26/11/2019, ore 06:48

Three of the masks found at Göbekli Tepe have similar styles to the example from NevalıÇori, with non-individualized faces. However, at Göbekli Tepe the mouth is not depicted,while the Nevalı Çori mask almost gives the impression the face is screaming. Together withthe finds from other sites, a large repertoire of masks in different styles is suggested. Alltypes, with and without mouths, more individualized or abstract, are also well attested for inthe large repertoire of limestone sculpture found at Göbekli Tepe. Their treatment duringepisodes when parts of the site were deliberately filled in and put out of use can shed somelight on the larger use of masks during the PPN.Burial rites at Göbekli Tepe seem to have been applied to the hierarchical system ofanthropomorphic depictions. The enclosures’ central pillars are abstracted and clearlyanthropomorphic. The surrounding pillars are also stylized, but smaller and containzoomorphic decoration. They are orientated towards the central pillars and evoke theassociation of a gathering. Naturalistic anthropomorphic sculpture, which may partly depictmasked people, is smaller and intentionally fragmented. The stone masks are strongly relatedto this category through form and deposition treatment.During backfilling of the enclosures, a selection of fragments, mostly (masked?) heads, andcomplete masks, was placed inside the fills, most often near the central pillars.
Pillar 43 in Enclosure D whose rich decoration clearly indicates an apparently narrative character ofmany of the reliefs (Photo: K. Schmidt, DAI).
Inside Enclosure D: one of the enclosure’s central pillars (P18) in front of the original backfillingsediment, illustrating the mighty layer forming the mound (Photo: K. Schmidt, DAI).
If we assume that the stone masks are miniature or supra-sized representations of real organicmasks worn by humans, they might attest that ritual activity at Göbekli Tepe and other sitesincluded masquerades, where people acted out parts of a complex mythology. Whenenclosures were put out of use, masks and miniatures were buried with them, freezing ritualsin time and space.During the early Neolithic in the Near East, masks and masking played a significant role inrituals re-enacting mythological narratives closely related to death, taking place at sites withspecial purpose buildings and rich iconography. This importance apparently justified the time-consuming and complicated manufacture of these paraphernalia as well as miniature andlarger-than-life-sized representations. A small number of masks in stone are all what remainsof what was likely a widespread Early Neolithic tradition of ritual masquerade. Oliver Dietrich, Jens Notroff, and Laura Dietrich are research assistants in the GöbekliTepe project of the German Archaeological Institute (DAI) excavations at Göbekli Tepe, carried out in close cooperation with the Şanlıurfa Haleplibahçe Museum.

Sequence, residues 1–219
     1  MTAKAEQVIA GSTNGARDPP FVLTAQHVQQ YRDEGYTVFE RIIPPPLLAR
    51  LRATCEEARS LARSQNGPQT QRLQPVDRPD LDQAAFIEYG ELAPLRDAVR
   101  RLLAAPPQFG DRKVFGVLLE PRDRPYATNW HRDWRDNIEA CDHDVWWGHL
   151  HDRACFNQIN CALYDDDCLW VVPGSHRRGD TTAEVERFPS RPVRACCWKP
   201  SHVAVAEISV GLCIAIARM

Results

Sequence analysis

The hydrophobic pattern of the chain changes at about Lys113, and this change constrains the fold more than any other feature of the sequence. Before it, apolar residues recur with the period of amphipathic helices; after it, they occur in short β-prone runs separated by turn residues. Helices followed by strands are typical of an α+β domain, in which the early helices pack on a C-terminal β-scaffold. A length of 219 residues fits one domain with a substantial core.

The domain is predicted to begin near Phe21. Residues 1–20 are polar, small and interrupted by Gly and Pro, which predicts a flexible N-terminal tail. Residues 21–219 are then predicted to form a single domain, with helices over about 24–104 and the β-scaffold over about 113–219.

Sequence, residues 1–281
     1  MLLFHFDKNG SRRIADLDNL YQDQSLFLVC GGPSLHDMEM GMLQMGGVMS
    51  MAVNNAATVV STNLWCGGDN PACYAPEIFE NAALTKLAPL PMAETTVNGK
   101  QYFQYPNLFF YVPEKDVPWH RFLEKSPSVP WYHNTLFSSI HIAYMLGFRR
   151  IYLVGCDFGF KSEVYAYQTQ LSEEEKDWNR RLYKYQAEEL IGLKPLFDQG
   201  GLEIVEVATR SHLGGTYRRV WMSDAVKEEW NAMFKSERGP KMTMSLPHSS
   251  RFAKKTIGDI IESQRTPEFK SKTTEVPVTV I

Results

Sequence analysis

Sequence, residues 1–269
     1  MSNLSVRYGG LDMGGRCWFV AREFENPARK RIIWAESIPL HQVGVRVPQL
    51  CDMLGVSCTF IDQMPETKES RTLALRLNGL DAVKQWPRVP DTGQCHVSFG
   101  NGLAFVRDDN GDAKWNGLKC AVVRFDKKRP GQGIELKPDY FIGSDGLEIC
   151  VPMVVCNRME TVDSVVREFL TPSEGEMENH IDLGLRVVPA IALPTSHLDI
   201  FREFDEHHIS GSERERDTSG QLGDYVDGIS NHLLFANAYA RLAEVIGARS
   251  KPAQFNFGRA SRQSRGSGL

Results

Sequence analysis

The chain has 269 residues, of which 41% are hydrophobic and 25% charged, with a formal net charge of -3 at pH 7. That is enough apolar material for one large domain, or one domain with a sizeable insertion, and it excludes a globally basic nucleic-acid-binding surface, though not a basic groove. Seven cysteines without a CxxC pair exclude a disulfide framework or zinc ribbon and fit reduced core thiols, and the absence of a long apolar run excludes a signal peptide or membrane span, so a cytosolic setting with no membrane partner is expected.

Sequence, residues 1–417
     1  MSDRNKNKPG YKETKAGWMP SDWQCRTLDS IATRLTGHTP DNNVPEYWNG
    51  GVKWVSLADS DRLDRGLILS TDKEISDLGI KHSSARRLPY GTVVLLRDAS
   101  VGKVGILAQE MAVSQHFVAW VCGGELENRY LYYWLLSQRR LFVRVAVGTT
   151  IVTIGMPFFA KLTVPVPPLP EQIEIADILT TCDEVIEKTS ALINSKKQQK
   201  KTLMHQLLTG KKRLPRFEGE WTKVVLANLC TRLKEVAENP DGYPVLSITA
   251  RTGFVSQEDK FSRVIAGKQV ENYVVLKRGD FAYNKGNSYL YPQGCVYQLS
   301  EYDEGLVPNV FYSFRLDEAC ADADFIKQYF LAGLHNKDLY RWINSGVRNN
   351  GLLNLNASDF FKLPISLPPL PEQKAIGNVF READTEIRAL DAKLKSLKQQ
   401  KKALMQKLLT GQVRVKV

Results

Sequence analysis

Archaeobiological research is conducted by the Institute of Palaeoanatomy, Domestication Research and the History of Veterinary Medicine, Ludwig-Maximilians-University, Munich. The project is funded by the DAI and the German Research Foundation (DFG). For more on their research at the site see the blog at “ The Tepe Telegrams .”

For further reading:
Badisches Landesmuseum (ed.), Vor 12.000 Jahren in Anatolien. Die ältesten Monumente der Menschheit , Stuttgart 2007.
Bar Yosef, O. and Alon, D., Nahal Hemar Cave, ‘Atiqot 18, 1988, 1-81.
Schmidt, K., Göbekli Tepe: A Stone Age Sanctuary in south-eastern Anatolia , Berlin 2012.
Stordeur, D. and Abbès, F., Du PPNA au PPNB: mise en lumière d´une phase transition àJerf el Ahmar (Syrie), Bulletin de la Société Préhistorique Française 99 (3), 2002, 563-595
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